Here, Kilbane has sympathy for Moshiri and also, to an extent, for Everton's recruitment team.
Kilbane says: "He has put a lot of trust in the director of football Steve Walsh and his recruitment team. Recruitment is still the biggest thing but it is perilous. You don't know how it's going to go.
"You may see someone who is a superstar at another club but then they walk into somewhere like Everton and it just doesn't go the way it is expected to. With the majority of Everton's signings there are only one or two you maybe think have been done well. Others just haven't worked out.
"I don't think you can question Farhad Moshiri because he has put his hand in his pocket. He can ask questions of other people at the club as to why they are not producing what they thought they were going to get. And he is quite within his rights to ask those questions."
And yet it started with relative success.
Moshiri's first big decision was to sack manager Roberto Martinez three months after taking his major shareholding. It was a move that was inevitable, taken as the first sign of the new Everton era.
He was sold on the idea of a superstar in the dug-out and a director of football pulling the strings behind the scenes.
Koeman, lured from Southampton by the sheer weight of Moshiri's financial promises on and off the field, fulfilled the first criteria while Walsh, lauded for signing the likes of N'Golo Kante, Jamie Vardy and Riyad Mahrez as part of Leicester City's 2016 title-winning set-up, was his other half.
Despite finishing seventh last season and returning to Europe, it looked like an uneasy arranged marriage.
The transfer strategy lacked coherence to such an extent that Koeman was sacked in October with Everton in the relegation zone barely weeks after the most lavish outlay in the club's history. The Europa League campaign was an embarrassing failure.
And then came a hunt for Koeman's successor that descended into acrimony when Moshiri failed to prise Marco Silva from Watford. Everton eventually received a legal "cease and desist" letter from Vicarage Road demanding they back off, despite a willingness to pay £15m in compensation.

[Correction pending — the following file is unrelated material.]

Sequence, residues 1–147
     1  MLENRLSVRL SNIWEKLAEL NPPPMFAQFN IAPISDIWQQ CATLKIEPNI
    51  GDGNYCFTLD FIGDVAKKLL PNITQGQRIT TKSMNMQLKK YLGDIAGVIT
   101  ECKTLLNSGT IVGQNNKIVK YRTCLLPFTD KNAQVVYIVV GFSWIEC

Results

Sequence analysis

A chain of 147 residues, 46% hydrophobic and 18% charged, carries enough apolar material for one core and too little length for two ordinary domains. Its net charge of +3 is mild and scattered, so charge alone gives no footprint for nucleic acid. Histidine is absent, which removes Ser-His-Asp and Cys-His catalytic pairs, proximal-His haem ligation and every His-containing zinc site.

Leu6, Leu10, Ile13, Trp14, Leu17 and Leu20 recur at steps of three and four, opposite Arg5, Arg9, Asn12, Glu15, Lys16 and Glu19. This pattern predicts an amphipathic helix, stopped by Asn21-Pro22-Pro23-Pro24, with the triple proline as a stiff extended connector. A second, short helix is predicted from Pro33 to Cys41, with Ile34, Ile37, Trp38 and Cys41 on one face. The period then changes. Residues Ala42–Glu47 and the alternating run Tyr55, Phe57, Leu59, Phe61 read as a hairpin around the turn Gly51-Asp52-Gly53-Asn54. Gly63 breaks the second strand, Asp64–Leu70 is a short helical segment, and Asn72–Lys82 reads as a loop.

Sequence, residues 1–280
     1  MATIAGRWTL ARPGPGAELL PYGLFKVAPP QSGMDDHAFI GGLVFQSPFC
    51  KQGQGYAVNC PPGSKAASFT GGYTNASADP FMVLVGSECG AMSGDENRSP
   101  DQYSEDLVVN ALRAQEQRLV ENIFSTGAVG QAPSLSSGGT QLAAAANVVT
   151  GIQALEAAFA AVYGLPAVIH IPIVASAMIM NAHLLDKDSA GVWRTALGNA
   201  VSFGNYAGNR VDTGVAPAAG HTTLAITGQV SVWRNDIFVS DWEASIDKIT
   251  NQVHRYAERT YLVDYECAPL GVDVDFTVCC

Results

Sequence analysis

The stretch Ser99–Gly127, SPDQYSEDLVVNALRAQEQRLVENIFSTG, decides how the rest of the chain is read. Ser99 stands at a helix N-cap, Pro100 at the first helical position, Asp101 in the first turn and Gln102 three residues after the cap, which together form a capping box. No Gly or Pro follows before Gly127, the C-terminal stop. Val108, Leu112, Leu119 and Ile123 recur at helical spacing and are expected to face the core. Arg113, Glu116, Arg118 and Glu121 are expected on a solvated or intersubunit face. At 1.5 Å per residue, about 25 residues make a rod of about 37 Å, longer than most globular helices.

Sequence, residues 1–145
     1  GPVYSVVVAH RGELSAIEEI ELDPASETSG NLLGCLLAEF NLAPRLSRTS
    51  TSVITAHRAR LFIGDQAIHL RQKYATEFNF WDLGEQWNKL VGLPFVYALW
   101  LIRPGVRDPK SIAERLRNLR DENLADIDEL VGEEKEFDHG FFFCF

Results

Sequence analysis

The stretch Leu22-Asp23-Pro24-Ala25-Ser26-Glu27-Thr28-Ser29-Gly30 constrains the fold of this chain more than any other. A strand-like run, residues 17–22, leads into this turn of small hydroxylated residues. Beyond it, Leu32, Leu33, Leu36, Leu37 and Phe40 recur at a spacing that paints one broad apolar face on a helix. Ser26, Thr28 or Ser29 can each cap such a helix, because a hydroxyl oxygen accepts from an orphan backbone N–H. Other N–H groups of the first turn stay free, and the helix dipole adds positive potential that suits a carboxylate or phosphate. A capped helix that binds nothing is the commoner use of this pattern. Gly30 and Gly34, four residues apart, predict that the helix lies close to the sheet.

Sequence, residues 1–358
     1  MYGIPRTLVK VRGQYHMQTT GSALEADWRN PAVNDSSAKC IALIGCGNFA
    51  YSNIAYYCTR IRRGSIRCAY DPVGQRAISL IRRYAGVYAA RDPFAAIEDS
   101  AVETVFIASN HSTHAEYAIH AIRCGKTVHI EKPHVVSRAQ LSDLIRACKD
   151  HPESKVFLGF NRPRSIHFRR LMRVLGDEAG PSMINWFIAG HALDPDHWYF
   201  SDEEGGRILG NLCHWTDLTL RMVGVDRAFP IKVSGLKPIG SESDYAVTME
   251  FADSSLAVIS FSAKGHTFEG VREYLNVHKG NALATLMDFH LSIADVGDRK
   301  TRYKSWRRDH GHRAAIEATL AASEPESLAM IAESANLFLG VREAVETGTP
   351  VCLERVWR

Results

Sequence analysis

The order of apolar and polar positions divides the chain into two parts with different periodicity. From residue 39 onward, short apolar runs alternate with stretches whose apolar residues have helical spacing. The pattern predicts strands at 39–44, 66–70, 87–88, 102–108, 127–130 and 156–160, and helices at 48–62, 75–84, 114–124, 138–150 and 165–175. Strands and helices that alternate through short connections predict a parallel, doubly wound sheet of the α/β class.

After the farce came panic, or at least an element of it, when Allardyce's name reappeared even though he had previously dropped out of contention because of lack of serious interest from Everton.
He was out of the picture until an embarrassing 4-1 loss at Southampton persuaded Moshiri that caretaker David Unsworth was not the answer and action needed to be taken.
Allardyce was in five weeks after Koeman's dismissal - but his position is already being questioned only three months later.
Moshiri poised for another summer shake-up?
Allardyce was unquestionably Moshiri's appointment - others with influence around Everton might have preferred keeping Unsworth until the end of the season - so its success (or otherwise) will land on his desk.
Kenwright remains chairman but his shareholding is now only 12.16% so his power in the decision-making process is diluted.
There was an early bounce under the 63-year-old, winning four of his first seven games - but since then it has been a mixed bag. Although Everton are ninth in the Premier League, they have lost their past four away games.
The 5-0 defeat at Arsenal and the dismal loss at Watford saw Allardyce place blame squarely at the feet of his players in a "it's not me, it's them" ploy, while supporter apathy - and in some quarters discontent - has grown about his methods.
He took responsibility after the 4-0 loss against Tottenham at Wembley, but cemented misgivings about his style when he said about his team selection: "I should have got back to being a bit more boring and a bit less adventurous."
And with the shield of Koeman removed, Walsh, who arrived with a reputation as a transfer market master, finds his position under scrutiny inside and outside Goodison Park. PSV Eindhoven sporting director Marcel Brands has been linked with a role at Everton.
Everton have signed 18 players on his watch. Few can be regarded as unqualified successes.
Goalkeeper Jordan Pickford falls into the category, although hardly an unearthed diamond at £30m, while Wayne Rooney has had his moments. Record £45m buy Gylfi Sigurdsson and Theo Walcott, at £20m from Arsenal in the January window, have also shown what they can offer.